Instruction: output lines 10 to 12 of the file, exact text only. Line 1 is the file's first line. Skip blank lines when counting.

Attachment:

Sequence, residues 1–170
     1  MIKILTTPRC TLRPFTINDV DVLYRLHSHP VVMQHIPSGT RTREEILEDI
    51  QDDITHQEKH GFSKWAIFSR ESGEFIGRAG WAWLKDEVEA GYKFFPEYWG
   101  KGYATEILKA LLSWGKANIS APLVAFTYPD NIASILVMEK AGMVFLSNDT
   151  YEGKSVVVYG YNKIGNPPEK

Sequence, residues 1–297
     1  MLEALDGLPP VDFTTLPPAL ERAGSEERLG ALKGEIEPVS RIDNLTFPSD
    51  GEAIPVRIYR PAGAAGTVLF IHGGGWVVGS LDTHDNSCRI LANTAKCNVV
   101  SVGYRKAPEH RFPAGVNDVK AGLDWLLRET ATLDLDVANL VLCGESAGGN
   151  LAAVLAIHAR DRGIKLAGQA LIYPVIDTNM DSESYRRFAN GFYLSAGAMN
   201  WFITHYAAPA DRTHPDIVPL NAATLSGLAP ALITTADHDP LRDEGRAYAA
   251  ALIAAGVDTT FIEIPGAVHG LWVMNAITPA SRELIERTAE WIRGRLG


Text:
   151  LAAVLAIHAR DRGIKLAGQA LIYPVIDTNM DSESYRRFAN GFYLSAGAMN
   201  WFITHYAAPA DRTHPDIVPL NAATLSGLAP ALITTADHDP LRDEGRAYAA
   251  ALIAAGVDTT FIEIPGAVHG LWVMNAITPA SRELIERTAE WIRGRLG